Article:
So the rumors out of the NFL owners' meeting is that Houston didn't actually have a real shot at getting Super Bowl 43, and the reason for that is McNair envy.
Texans owner Bob McNair's role with the NFL's special committee on league economics might have worked against Houston's bid to get the 2009 Super Bowl that was awarded Wednesday to Tampa, Fla.
Appointed by commissioner Paul Tagliabue to chair the committee that reviews economics and reports back to the membership, McNair might not have been sympathetic enough to owners of low-revenue teams, according to two owners who asked not to be identified.
"I don't know what other explanation there could be for them being the first city to be eliminated, not with that stadium and that bid," one longtime owner said after the vote was announced. "A lot of us are shocked at what's happened, not so much by Tampa winning but by Houston being the first one out. It just doesn't make sense."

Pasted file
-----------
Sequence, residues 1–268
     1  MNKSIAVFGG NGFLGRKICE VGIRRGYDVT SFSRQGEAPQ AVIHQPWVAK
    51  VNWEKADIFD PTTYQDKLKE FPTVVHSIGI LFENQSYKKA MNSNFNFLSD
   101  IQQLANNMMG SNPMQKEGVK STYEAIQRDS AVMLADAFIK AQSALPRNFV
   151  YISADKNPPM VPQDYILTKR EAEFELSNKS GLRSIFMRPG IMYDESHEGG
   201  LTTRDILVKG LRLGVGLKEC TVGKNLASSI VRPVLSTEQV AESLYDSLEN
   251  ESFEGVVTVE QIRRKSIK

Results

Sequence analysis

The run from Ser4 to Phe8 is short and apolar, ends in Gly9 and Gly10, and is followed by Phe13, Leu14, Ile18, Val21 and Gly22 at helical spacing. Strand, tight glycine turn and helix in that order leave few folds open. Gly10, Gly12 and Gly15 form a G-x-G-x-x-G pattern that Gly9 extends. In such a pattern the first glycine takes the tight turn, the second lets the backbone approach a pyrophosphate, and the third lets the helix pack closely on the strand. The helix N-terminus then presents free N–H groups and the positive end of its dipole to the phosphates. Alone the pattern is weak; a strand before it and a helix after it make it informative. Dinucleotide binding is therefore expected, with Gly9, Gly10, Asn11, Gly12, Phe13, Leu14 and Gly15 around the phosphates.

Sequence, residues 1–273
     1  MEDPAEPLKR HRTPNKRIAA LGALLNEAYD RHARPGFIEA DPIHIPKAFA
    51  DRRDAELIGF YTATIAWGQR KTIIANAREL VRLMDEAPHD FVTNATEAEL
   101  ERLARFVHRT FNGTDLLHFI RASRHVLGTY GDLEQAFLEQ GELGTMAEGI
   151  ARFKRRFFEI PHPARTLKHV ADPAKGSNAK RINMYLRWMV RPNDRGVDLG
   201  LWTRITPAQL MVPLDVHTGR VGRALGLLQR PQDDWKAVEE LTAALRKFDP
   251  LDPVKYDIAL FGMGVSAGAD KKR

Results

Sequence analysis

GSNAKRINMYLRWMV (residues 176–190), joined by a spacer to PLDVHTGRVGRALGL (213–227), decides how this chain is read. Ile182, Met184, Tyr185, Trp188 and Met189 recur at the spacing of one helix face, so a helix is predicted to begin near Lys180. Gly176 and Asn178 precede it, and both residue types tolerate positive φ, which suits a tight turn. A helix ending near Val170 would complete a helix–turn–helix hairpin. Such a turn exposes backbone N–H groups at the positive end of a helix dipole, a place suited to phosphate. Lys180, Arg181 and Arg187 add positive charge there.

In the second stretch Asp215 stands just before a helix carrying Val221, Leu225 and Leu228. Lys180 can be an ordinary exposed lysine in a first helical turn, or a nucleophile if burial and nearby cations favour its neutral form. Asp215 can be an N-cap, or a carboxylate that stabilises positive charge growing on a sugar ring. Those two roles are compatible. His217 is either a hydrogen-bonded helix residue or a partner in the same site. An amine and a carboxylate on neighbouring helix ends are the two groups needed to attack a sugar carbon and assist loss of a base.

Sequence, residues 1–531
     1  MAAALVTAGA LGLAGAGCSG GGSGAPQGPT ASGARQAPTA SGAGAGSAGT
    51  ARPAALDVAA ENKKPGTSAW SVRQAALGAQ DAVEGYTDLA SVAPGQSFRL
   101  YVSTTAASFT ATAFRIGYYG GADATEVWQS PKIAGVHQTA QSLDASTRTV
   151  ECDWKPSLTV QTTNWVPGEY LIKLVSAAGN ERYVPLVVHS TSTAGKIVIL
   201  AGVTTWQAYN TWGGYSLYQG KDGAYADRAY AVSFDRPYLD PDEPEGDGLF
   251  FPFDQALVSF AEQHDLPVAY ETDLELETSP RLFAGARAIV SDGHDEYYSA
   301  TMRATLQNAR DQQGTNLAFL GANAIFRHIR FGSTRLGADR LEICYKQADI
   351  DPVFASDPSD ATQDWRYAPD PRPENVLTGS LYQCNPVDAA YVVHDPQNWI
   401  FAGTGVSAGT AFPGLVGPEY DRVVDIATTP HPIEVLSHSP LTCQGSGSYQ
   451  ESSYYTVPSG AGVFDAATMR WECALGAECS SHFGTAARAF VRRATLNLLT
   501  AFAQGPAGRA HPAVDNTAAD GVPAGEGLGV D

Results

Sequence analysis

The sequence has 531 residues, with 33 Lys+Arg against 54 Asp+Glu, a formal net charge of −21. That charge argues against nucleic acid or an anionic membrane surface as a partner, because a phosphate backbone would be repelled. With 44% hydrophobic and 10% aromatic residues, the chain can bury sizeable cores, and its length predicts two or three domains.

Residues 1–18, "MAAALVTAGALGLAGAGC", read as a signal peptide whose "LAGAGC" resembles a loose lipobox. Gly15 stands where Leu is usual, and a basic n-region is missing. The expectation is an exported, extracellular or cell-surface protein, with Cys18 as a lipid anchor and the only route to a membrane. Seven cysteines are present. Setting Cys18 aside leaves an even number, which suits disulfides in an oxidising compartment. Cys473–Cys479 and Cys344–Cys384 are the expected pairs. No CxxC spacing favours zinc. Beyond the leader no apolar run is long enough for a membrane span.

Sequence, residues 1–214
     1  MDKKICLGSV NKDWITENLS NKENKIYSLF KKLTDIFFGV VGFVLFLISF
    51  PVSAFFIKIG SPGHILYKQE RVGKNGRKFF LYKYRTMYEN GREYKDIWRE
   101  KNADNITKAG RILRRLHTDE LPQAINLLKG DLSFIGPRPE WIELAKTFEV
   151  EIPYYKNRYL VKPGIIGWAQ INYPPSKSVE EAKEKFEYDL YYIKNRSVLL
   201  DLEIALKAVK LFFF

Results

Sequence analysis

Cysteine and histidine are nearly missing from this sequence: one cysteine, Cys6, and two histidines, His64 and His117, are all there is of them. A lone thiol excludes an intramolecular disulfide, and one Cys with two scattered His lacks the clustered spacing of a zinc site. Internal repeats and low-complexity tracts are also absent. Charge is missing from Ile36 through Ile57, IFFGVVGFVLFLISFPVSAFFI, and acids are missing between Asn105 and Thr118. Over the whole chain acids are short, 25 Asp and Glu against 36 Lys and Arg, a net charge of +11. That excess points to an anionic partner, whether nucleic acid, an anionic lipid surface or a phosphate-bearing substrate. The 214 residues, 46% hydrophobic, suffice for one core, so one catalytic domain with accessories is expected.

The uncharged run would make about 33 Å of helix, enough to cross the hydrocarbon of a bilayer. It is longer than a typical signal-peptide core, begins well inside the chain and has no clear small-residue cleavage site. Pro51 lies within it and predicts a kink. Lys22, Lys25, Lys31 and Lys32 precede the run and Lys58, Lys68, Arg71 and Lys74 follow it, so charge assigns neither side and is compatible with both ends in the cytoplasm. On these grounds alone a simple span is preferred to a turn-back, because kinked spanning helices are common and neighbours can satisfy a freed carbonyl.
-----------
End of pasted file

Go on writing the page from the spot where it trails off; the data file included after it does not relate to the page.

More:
Even though McNair lobbied hard to get Houston a third Super Bowl, he's the owner of a high-revenue team during a tumultuous period in which owners are divided over how to share local revenue that comes from suites, sponsorships, signage, concessions and parking.
Some owners of low-revenue teams may be resentful of owners of high-revenue teams. Until the owners agree on how to share local revenue, they won't be able to extend their collective bargaining agreement with the NFL Players Association beyond 2008.
"Well, that could be, but no one's told me that, and I don't suspect they will," McNair said. "But personal view enters into decisions like this, and all it takes is for one or two votes to be switched."
One true head-scratcher in the article:
Atlanta couldn't overcome its reputation for bad weather during Super Bowl week.